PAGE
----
Soak it in your liquid of choice overnight/eat it straight/don't soak it overnight, just add the liquid in and stir until it gets that nice creamy texture. This way, you can eat a LOT more oats at a time--basically cereal-bowl-size.

    (Bonus: add nuts, yogurt, berries, cinnamon, honey...)

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    I've been sticking to a paleo/primal style of eating lately, with pretty good
    results.

    Wild caught fish, grass fed beef, lots of organic greens, avocados, and other
    vegetables. Also some berries, nuts, and lots of tea. Taking plenty of
    supplements too.

    Avoiding all starches, which means no bread, rice, pasta, or potatoes, etc. No
    refined sugar or dairy either. And of course nothing with weird chemicals in it.

    Check out this lecture for the basic idea behind this way of eating:
    http://www.youtube.com/watch?v=KLjgBLwH3Wc

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    Dried figs and nuts for energy ^^.

    I have some food allergies so I'm kind of limited as to what I can eat anyway.

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    I've been over weight all my life, and in the last few years, I've been trying to get my health in check, I've tried looking at foods and going:
    "Oh, but this has high/low levels of "x", so I can/'t have that!". but TBH, I was just fooling myself, you can be picky and try to wean yourself off of unhealthy/bad amounts food, but the truth is, no one's ever going to live on a diet of cabbage, quorn meat and hope.
    The number one thing fat people (like me) don't normally get is that they aren't necessarily eating the wrong food, they're just eating too much of it, just so long as you're burning up more than you're eating, you will lose weight, that's the long and the short of it.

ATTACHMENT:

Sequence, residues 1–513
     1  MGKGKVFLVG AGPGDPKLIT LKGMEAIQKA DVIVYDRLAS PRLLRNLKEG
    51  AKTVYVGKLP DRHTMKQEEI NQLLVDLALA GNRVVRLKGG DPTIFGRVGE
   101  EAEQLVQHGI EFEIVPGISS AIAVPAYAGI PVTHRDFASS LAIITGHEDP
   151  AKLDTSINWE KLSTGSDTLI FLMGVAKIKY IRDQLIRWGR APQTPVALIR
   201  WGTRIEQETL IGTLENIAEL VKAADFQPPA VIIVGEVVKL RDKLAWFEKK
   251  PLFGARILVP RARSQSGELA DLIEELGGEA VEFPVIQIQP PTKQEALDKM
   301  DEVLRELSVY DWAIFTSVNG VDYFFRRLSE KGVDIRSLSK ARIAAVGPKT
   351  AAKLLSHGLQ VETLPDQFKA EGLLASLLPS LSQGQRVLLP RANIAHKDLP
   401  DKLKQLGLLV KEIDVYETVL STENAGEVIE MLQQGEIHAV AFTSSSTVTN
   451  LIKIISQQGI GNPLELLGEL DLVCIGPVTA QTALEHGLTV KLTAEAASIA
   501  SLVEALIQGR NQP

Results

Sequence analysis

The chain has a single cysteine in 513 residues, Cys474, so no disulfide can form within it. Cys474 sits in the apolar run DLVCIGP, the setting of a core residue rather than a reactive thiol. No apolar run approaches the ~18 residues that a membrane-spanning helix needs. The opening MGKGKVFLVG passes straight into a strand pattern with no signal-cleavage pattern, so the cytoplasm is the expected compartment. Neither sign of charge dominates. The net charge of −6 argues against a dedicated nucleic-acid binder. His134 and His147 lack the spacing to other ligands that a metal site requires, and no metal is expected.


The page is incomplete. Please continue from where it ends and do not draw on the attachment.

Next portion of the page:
How do you make sure? You look at the number of calories on the back of the packet, as much as people tell you:
    "You can't trust the labels you know!", by law, food companies have to tell the truth, so by and large, you can trust 'em.
    Another way we try to fool ourselves is by finding out our BMR and saying
    "Ah! But my BMR means I burn 2937 calories a day, without exercise, so I can have that extra portion and I'll be ok!" That's how much you can eat to stay at the same weight, you need to eat 2000. Thats the rule, if you eat 2000 calories or less you will lose weight even if you don't do exercise (to a point). Ignore diets, don't starve yourself and make yourself miserable by eating half a stick of celery and three grapes a day. You really can eat what you want, but keep in mind that a macdonalds meal contains nigh on 1000 calories.
    Of course, when it comes to being healthy and having energy, no one would recommend two big macs and chips every day, because healthiness and attractiveness come from more than just being slim, I'm more healthy than some people I know who are thin, even if I am over weight.
    I'm lucky in that my mother cooked (and taught me to cook) the family proper, balanced meals from scratch. It just so happens that no one checked how much I was eating, so now I'm a big, fat fatty, who's almost nine stone over-weight (formerly eleven). It just goes to show that the majority of people are wrong in thinking that the only fat people are gluttons who spend all their spare cash at Greggs and burger king.
    The trick is not to snack at all, just eat three meals of roughly 600 calories each per day (which you get used to) and make sure they're roughly along the lines of: non-fucked about with carbohydrates for breakfast (porridge/brown toast/non-sugared cereal (carbs>starch>glucose, glucose+oxygen=ATP(energy))) they are digested slower and keep you going for longer before you're body wants food again. Meals of 40% veg, 30% carbohydrate and 30% protein for lunch and dinner, if you eat them at fairly regular times you will be less likely to get unexpectedly hungry at random times of day (which is when people tend to snack)

    Oops, went off on a massive rant there...eat healthy kids...

    Last edited by Barefoot; February 25th, 2012 at 05:10 PM.
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    Quote Originally Posted by Greg Lambrakis View Post
    I've been sticking to a paleo/primal style of eating lately, with pretty good
    results.

    Wild caught fish, grass fed beef, lots of organic greens, avocados, and other
    vegetables. Also some berries, nuts, and lots of tea. Taking plenty of
    supplements too.

    Avoiding all starches, which means no bread, rice, pasta, or potatoes, etc. No
    refined sugar or dairy either. And of course nothing with weird chemicals in it.

    Check out this lecture for the basic idea behind this way of eating:
    http://www.youtube.com/watch?v=KLjgBLwH3Wc
    You get hungry because your body needs more 'fuel', those fuels are (at a basic level) starch, proteins and vitamins.